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Leaders Becoming STEM-Ready

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DENYS Rudyi 123rf.jpgIs your district STEM-ready? Schools have responded to the popular demand for graduates interested in the expanding careers with a focus on science, technology, engineering, and math. They've added courses, clubs, events, and added the acronym 'STEM' with information to their websites.  But what does STEM-ready mean? The answer?  It depends.

Why Lead STEM?
Answering the important question "Why is STEM our choice?" involves a local process.  This time, there is no federal mandate, no legislation saying what STEM looks like and prescribing how we do it. On the surface, thinking about these subjects, minds turn to advanced and specialized courses, a special STEM day or a career event. They can be the toe dipping into the STEM waters.  But, remaining at that level limits the tremendous potential STEM presents to make the breakthroughs we desire and the progress we have talked about for decades.  STEM offers a radical opening. As we travel around the country presenting about STEM and the potential held, our evidence is found in places where STEM has planted it roots. Most often, in those places, there has been a concomitant discovery that STEM cannot release it full potential without the arts strongly connected.  Hence, many of those districts have adopted the acronym STEAM as a result. So, the name is chosen but the substance remains amorphous.

Adding disconnected pieces ...a unit, a teacher, a program, or an event....is not a bad thing.  They serve as the seeds for the larger inherent opportunity. But without a broader and deeper vision and plan, the opportunity to shift the organization into one that is responding to this century's students can be lost. The move into that transformation of teaching and learning and the development of creative, productive engaged partnerships will pick up 'STEAM' if school leaders have taken some initial steps.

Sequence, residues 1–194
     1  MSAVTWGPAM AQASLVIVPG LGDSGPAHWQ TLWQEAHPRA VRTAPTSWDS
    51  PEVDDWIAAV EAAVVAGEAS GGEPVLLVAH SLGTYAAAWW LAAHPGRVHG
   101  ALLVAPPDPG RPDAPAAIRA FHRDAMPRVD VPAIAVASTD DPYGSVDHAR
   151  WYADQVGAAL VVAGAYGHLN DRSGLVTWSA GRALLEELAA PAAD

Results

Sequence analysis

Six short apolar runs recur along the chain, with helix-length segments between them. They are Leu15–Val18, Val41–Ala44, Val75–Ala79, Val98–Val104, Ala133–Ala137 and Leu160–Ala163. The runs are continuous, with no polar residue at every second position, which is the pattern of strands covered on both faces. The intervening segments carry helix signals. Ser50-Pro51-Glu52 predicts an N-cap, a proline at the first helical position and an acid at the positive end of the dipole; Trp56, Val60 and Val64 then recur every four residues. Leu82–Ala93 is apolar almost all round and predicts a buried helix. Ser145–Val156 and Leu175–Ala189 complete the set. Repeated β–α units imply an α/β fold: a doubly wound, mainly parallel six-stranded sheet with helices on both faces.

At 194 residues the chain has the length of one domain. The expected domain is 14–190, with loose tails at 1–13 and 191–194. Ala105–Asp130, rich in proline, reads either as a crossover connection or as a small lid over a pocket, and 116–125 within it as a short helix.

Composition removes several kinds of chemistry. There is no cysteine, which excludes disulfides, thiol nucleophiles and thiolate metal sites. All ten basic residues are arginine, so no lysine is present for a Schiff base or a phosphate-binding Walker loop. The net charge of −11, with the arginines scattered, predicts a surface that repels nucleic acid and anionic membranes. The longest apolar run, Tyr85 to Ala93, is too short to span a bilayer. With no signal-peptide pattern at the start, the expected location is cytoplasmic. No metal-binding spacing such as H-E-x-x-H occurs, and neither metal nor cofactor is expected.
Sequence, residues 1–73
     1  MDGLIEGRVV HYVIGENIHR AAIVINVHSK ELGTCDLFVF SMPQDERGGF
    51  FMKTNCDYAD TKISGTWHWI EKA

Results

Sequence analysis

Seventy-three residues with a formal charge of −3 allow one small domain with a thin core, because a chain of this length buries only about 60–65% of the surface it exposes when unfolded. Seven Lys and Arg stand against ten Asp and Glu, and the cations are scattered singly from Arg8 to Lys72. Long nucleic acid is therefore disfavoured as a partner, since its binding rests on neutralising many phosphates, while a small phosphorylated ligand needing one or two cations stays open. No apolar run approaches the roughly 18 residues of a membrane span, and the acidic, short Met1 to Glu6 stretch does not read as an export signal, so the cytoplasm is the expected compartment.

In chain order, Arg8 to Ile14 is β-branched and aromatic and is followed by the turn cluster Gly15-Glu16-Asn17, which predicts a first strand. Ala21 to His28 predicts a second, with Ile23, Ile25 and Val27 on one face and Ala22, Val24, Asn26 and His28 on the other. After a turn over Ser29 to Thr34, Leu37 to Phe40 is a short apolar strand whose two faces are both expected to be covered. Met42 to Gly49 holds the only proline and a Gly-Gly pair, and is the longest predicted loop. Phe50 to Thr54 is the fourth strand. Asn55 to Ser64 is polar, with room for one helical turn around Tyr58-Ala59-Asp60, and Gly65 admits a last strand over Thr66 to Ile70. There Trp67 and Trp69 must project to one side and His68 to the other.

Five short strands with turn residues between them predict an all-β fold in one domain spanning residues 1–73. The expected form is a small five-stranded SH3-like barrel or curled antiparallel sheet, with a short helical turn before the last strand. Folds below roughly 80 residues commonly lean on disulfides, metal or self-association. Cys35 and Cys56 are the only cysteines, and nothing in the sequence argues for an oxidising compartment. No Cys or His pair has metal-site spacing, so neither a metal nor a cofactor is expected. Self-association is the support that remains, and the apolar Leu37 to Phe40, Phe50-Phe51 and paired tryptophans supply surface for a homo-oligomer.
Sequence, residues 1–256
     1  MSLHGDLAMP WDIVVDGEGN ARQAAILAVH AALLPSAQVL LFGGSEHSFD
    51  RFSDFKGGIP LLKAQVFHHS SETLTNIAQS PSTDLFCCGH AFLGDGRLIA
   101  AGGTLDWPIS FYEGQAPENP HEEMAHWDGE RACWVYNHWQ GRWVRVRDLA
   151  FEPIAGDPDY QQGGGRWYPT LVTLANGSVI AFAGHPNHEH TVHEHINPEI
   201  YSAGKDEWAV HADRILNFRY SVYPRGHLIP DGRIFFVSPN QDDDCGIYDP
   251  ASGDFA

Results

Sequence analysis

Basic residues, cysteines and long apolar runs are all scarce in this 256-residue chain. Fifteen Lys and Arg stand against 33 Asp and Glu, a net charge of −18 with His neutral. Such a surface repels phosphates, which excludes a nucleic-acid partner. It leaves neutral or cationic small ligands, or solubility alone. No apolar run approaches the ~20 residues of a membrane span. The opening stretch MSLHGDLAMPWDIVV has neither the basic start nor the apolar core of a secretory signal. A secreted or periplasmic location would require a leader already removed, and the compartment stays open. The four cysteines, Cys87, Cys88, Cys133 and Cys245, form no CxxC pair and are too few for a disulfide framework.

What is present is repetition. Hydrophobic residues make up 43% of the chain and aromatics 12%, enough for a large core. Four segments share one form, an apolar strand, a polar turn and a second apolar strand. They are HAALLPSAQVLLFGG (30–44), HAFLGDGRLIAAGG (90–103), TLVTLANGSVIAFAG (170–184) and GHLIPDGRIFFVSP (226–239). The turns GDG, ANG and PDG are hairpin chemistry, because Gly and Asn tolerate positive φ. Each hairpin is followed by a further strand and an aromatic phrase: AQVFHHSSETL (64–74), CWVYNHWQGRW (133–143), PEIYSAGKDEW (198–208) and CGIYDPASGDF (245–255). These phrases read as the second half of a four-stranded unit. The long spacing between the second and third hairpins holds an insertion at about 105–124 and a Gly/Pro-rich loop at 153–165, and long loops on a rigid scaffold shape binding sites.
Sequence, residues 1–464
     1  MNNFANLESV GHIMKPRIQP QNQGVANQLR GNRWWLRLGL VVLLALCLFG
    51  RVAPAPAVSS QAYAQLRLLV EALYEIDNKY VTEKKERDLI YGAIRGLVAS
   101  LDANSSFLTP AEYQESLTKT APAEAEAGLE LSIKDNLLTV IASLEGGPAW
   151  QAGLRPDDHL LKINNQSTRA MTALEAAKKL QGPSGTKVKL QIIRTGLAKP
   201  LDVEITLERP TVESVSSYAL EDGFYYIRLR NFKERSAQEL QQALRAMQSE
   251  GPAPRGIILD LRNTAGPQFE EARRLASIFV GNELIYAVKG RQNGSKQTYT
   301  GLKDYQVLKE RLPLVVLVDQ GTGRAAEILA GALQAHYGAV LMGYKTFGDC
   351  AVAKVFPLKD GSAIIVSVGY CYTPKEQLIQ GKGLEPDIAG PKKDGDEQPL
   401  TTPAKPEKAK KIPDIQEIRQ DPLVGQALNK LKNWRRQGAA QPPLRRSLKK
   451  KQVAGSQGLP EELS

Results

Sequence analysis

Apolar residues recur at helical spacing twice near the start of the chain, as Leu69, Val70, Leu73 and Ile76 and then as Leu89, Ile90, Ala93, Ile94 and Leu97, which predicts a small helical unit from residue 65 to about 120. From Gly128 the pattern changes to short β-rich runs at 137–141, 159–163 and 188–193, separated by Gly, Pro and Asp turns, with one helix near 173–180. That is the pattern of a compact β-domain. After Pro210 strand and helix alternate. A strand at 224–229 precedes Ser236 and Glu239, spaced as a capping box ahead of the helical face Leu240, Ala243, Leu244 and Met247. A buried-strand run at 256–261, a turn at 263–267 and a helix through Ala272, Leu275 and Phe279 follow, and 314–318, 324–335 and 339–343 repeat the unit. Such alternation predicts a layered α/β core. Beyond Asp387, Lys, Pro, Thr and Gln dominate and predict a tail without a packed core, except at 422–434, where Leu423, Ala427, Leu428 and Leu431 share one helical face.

• Gain knowledge about STEM and its possibilities builds. The leader does not have to be a specialist, but the leader does need to understand the power and possibilities of a system-wide STEM shift. The leader needs to hold the firm belief that all students will benefit from new learning opportunities that cross curricular lines and cause a new kind of student engagement. STEM courses reserved for the academically gifted leave out many who would thrive in a new environment. Establishing allies and partnerships with businesses and higher education are crucial to realizing the potential, as is problem and project based learning.  There is much to learn and understand and it begins within the leader.
  • Bring together a guiding coalition of teachers, parents, other administrators, community members, businesses and higher education. On this journey, it is important to reach out extensively, to people we haven't yet worked with and to people who may be the opposition.  Not only can this inclusion identify the problems that might arise later, it lays a trust foundation for the leader and the purpose of the work. We know that setting the message is a mighty force and these people are part of that work and are also the tellers of the story.